Greer, the disgusting Greenie

Although he was an outspoken conservationist, lots of Greenies disliked Steve Irwin out of jealousy -- he got so much of the publicity and admiration that they crave -- AND he was a supporter of Australia's conservative government. So they made various specious complaints about him "disturbing" the animals he filmed. So what we see below from Australia's chief ratbag -- "publicity at any price" Germaine Greer -- is a regurgitation of that. It shows what scum she is (and always was) that she should at this time defame such a brave and brilliant man. It is a credit to Australia's responsible Left that her words were rightly dismissed by one of their chief spokesman as "politically correct claptrap"

Feminist Germaine Greer should keep her thoughts about the death of Steve Irwin to herself, Labor foreign affairs spokesman Kevin Rudd said today. In an article in British newspaper The Guardian, Ms Greer said that the animal world had finally taken revenge on Irwin for causing stress to the animals he handled. "I think Germaine Greer should just stick a sock in it," Mr Rudd said in Canberra today. "You have got a grieving mother, you have got a couple of grieving young kids and a grieving nation and what to you get from Germaine Greer? You get a bucket load of politically correct pap - it's just nonsense.

"Steve Irwin was a nature conservationist, an animal conservationist and made a huge contribution to the preservation of wildlife worldwide. "And what do we get from Germaine Greer? - some gratuitous, politically correct claptrap. She should put a sock in it," he said.

Greer said she had "not much sympathy" for Irwin if he was grappling with the stingray that killed him on the Great Barrier Reef. Those on the boot with Irwin say he was not in any way harassing the stringray when it lashed out at him as he swam over it.

But The Guardian quoted Greer as saying: "As a Melbourne boy, Irwin should have had a healthy respect for stingrays, which are actually commoner and bigger in southern waters than they are near Port Douglas." She described Irwin's behaviour as "bizarre", noting the famed incident when he held his baby son while feeding a crocodile during a show at his Australia Zoo on the Sunshine Coast. "The whole spectacle was revolting," Greer said. "The crocodile would rather have been anywhere else and the chicken had a grim life too, but that's entertainment at Australia Zoo. "The animal world has finally taken its revenge on Irwin, but probably not before a whole generation of kids in shorts seven sizes too small has learned to shout in the ears of animals with hearing ten times more acute than theirs, determined to become millionaire animal-loving zoo-owners in their turn."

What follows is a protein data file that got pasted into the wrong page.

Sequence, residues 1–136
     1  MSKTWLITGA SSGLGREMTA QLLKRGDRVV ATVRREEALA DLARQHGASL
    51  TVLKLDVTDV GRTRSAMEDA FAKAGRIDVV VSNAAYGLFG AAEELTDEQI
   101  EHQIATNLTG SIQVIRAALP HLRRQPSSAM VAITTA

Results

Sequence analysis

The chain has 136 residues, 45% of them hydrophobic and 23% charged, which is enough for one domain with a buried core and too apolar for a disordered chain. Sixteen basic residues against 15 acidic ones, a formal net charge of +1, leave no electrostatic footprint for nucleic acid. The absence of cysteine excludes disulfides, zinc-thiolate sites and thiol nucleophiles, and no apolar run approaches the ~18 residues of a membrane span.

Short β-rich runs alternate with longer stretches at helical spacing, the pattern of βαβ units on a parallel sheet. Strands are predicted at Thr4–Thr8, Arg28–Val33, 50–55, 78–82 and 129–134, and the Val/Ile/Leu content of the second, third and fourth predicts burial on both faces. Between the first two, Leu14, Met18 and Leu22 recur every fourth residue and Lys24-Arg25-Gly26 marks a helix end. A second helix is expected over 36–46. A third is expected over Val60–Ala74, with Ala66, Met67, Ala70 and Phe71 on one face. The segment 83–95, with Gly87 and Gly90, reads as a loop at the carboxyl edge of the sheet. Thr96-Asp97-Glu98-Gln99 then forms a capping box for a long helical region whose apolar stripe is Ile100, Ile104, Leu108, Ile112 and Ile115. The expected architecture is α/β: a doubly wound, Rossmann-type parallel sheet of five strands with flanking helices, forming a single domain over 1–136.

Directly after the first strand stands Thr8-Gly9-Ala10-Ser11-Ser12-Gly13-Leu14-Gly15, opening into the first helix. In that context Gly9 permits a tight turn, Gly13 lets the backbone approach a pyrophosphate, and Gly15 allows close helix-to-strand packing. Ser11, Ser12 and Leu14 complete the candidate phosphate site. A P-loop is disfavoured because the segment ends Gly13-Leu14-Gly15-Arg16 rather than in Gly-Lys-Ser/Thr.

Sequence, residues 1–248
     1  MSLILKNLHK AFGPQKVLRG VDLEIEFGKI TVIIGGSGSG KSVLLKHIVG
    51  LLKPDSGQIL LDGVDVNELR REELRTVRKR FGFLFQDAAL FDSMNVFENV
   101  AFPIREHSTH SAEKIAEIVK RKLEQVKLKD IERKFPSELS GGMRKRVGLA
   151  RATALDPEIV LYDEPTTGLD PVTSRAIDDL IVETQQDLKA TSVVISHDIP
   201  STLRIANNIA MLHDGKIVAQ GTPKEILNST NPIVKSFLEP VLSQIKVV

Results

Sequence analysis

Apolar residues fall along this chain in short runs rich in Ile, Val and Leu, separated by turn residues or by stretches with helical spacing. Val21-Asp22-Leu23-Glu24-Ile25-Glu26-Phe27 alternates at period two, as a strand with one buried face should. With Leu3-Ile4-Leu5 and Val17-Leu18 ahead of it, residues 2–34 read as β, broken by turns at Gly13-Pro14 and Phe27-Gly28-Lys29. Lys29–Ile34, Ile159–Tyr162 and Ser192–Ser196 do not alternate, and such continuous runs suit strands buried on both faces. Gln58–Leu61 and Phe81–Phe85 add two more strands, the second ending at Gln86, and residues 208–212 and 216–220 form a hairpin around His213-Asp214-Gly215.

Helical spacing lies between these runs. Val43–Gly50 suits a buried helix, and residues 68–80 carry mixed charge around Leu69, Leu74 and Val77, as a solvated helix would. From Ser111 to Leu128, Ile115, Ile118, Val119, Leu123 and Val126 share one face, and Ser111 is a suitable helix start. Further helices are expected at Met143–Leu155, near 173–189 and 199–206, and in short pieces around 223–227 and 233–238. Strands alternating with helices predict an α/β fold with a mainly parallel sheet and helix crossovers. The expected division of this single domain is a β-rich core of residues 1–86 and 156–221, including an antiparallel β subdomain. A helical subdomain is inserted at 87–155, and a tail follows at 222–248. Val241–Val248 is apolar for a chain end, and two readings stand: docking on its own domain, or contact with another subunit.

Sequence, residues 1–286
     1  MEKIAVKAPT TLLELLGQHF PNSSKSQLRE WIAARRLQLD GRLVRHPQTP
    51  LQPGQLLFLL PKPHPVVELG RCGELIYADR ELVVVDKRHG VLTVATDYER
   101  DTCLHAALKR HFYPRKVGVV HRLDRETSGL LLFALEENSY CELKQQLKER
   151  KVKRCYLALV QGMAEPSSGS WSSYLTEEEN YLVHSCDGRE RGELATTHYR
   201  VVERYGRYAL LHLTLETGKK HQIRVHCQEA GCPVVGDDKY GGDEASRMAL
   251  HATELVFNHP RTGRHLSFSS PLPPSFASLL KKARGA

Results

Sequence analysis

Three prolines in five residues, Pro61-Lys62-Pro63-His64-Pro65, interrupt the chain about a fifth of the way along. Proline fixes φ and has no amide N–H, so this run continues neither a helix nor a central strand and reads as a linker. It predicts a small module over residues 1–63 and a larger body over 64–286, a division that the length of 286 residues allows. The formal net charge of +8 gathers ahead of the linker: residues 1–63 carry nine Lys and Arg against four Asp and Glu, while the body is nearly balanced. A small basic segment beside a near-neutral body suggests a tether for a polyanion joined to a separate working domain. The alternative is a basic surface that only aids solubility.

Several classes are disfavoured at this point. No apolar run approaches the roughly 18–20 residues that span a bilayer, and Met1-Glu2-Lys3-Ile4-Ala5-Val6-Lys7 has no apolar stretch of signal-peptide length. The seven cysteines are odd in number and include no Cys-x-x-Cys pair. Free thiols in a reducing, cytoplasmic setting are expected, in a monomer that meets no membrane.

Police yesterday said footage of the incident showed Irwin in no way harassed or provoked the stingray.


Below is a reality-based account of Steve Irwin:

An American diver who owes his life to Steve Irwin says he was shattered to learn about the Crocodile Hunter's death. "He saved my life," an emotional Scott Jones said today from his home in Iowa. "I've lost a good friend."

Mr Jones was part of a tragic scuba diving expedition in the Sea of Cortez, off the coast of Mexico, in 2003. Mr Jones' friend, 77-year-old Katie Vrooman, died during the dive after a sea surge knocked her twice against rocks. Mr Jones fought to hold on to her unconscious body for almost two hours and, while hanging off rocks and floating in the water, attempted to resuscitate her. Eventually Mr Jones had to let Ms Vrooman's body go and he spent a harrowing night alone perched on rocks.

In a lucky twist of fate, Irwin and his film crew happened to be in the vicinity shooting a documentary and heard an SOS call on their radio that two divers had gone missing. Irwin, who had never met Mr Jones or Mr Vrooman, decided he would abandon his film project to try to find them.

Mr Jones was precariously sitting on a rock outcrop dehydrated and scarred from being battered on the rocks. Irwin, dressed in his khaki shorts and shirt, dived in the water and swam across to save Mr Jones.

At the time, Mr Jones did not realise Irwin was a celebrity. The quietly-spoken Mr Jones said he had heard of Paul "Crocodile Dundee" Hogan, but not the Crocodile Hunter. "After they got me on to the main boat, Steve helped me get my wetsuit off me and he went below to do something," Jones recalled. "Somebody behind me said 'So what do you think of the Crocodile Hunter?' "So I was looking around for Crocodile Dundee. I thought when the makeup comes off Dundee's looks must change. "But, when I finally got home my daughter turned the Animal Planet channel on and I started watching his show from then. "It was wild. He was jumping on crocodiles and things like that."

Jones and his wife Deborah sent flowers to Irwin's wife, Terri, and kids, Bindi and Bob. They are also planning a trip to Australia to speak to his family. "We'd love to go to Australia and tell his wife and kids just what a great man he is," Mr Jones, who declined to tell his age, adding it was a secret, said. "He was a hell of an educator, from kids all the way up to old farts like me. "He was a hero." Mr Jones, an experienced diver, said he was surprised a stingray, "one of the most gentle creatures in the ocean" caused Irwin's death.



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